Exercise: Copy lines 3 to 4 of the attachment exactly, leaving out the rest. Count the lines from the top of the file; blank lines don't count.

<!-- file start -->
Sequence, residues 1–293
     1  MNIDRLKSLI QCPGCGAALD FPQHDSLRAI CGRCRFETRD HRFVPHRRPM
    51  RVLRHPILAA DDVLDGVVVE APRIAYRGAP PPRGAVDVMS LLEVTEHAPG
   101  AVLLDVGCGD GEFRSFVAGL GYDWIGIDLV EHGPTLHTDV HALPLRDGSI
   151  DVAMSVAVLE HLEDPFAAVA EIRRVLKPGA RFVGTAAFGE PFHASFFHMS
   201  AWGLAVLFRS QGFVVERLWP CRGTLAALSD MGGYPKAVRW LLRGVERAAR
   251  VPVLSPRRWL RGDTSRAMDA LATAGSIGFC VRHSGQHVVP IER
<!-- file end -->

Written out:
    51  RVLRHPILAA DDVLDGVVVE APRIAYRGAP PPRGAVDVMS LLEVTEHAPG
   101  AVLLDVGCGD GEFRSFVAGL GYDWIGIDLV EHGPTLHTDV HALPLRDGSI